Amazon’s counterfeit problem is well documented, but it’s easy to forget the myriad ways in which it can become your problem, too. After all, your new face mask probably won’t contain arsenic, your off-brand USB cord probably won’t fry your laptop, your made-in-China hoverboard probably won’t burn your house down, and your designer suitcase probably won’t put you on a US Customs and Border Protection blacklist for importing counterfeit goods. Not everyone is so lucky, however.
If you're still clinging on to the idea that your trusty bomber jacket is all you need to leave the house, quick reminder here: it's officially winter, and that means its time to break out the heavy artillery when it comes to outerwear. Rather than resign yourself to the same old black parka from here till spring, though, let this be the season you buy a new coat that you're actually excited to wear—a puffer coat, more specifically.
There aren’t many cold-weather outfits that can't be improved by wrapping a massive, supersoft scarf around your neck. When the winds get particularly blistering, just burrow into the pile of cashmere or wool, pull your beanie down around your ears, and think warm thoughts (Bahamas, anyone?)
Muck Rack makes it simple to find people, tweets, or articles that mention any name, keyword, company, hashtag etc. We've compiled this guide to help you make the most of your search.
Selecting a term
Start searching tweets, articles from media outlets, articles mentioned in tweets, journalists'
names, titles and bios with some suggested searches:
Companies or Topics (e.g. iPhone, Microsoft)
Phrases (e.g. "cloud computing") — use quotes to keep the terms together
Twitter handles (e.g. @username) — returns those who have mentioned or replied to
Names (e.g. "David Pogue")
Hashtags (e.g. #sxsw, #london2012)
Bio details (e.g. vegan, Olympics, father)
Muck Rack's Advanced Search allows for many boolean operators.
Find results that mention multiple specified terms, use AND or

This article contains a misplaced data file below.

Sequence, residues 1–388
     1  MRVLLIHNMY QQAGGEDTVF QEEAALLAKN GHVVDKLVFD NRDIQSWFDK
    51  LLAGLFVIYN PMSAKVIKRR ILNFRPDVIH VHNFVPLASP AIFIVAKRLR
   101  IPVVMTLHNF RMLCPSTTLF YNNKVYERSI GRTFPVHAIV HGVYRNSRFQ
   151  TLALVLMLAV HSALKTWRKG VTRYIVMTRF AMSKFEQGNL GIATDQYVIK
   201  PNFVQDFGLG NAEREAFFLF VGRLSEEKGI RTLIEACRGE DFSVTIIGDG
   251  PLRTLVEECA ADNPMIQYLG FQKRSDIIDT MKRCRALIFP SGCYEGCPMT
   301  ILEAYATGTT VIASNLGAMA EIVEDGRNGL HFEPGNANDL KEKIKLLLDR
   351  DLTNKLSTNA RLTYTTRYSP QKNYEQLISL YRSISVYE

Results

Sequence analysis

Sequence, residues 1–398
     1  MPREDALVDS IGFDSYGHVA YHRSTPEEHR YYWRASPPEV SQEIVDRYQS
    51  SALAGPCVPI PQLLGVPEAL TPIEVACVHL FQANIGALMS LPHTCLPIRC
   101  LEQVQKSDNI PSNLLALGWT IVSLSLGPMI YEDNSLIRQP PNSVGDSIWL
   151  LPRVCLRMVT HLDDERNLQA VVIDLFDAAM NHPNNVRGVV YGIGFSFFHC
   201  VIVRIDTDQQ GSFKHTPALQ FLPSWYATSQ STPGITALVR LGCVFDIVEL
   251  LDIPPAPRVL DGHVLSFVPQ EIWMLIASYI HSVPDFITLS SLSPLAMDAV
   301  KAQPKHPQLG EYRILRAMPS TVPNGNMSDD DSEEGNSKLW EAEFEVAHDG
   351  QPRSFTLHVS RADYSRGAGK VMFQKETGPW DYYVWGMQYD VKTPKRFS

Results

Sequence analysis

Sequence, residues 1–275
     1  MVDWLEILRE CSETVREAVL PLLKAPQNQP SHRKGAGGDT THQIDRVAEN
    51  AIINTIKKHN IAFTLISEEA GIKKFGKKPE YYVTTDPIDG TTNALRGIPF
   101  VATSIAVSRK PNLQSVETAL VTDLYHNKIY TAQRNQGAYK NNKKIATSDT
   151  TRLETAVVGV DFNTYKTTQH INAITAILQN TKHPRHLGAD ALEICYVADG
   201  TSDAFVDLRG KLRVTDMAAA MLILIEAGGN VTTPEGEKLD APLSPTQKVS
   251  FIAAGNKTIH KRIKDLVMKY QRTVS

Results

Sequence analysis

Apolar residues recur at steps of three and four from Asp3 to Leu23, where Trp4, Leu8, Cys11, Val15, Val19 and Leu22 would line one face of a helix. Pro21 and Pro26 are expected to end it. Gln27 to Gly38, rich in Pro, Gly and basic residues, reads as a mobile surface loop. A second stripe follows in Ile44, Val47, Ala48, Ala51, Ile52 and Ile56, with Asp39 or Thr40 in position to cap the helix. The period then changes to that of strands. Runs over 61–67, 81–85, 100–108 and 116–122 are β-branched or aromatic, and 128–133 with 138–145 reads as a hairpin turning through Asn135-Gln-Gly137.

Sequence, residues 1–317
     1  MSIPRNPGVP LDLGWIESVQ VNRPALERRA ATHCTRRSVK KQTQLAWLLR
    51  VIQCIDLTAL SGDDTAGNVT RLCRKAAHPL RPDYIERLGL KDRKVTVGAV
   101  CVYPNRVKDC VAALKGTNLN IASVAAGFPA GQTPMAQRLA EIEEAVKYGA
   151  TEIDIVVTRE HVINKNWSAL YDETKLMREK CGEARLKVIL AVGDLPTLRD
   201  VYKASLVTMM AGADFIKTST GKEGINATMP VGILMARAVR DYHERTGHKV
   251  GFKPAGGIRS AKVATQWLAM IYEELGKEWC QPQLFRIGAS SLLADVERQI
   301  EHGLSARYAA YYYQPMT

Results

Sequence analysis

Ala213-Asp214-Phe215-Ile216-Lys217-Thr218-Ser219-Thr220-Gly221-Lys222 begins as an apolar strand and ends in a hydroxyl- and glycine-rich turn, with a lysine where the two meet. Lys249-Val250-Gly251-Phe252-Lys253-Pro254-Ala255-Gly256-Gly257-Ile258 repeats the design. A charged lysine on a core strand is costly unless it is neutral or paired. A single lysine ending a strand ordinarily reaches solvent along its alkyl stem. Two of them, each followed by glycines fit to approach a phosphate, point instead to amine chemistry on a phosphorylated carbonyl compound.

+. For example, ensure each result contains both Elon Musk and Mark Zuckerberg by
searching Musk AND Zuckerberg or Musk + Zuckerberg.
Use the operators OR or , to broaden your search when you'd like either of
multiple terms to appear in results. (This is the default behavior of our search when no operators
are used). For example, results will contain either cake or cookie by searching cake OR cookie or cake,cookie
Use NOT or - to subtract results from your search. For
example, searching Disney will yield results about the Walt Disney Company as well as Walt Disney
World Resort. To exclude mentions of Disney World, search for Disney -World or Disney
When using one of these operators with a phrase, enclose it in quotation marks. For example, you can
find results about smartphones excluding Apple's iPhone 4S by searching smartphone -"iPhone
Exact case matching or punctuation
If you're searching for a brand name or keyword that relies on specific punctuation marks or capitalization, you can
find results that match your exact query by adding matchcase: before the keyword you're searching for, like matchcase:E*TRADE .
Use parentheses to separate multiple
boolean phrases. For example, to find journalists talking about having fun in Disney World or
Disneyland, search for ("disney world" OR disneyland) AND fun.
An asterisk can be used to search for any variation of a root word truncated by the asterisk. For example, searching for admin* will return results for administrator, administration, administer, administered, etc.
A near operator is an AND operator where you can control the distance between the words. You can vary the distance the near operation uses by adding a forward slash and number (between 0-99) such as strawberries NEAR/10 "whipped cream", which means the strawberries must exist within 10 words of "whipped cream".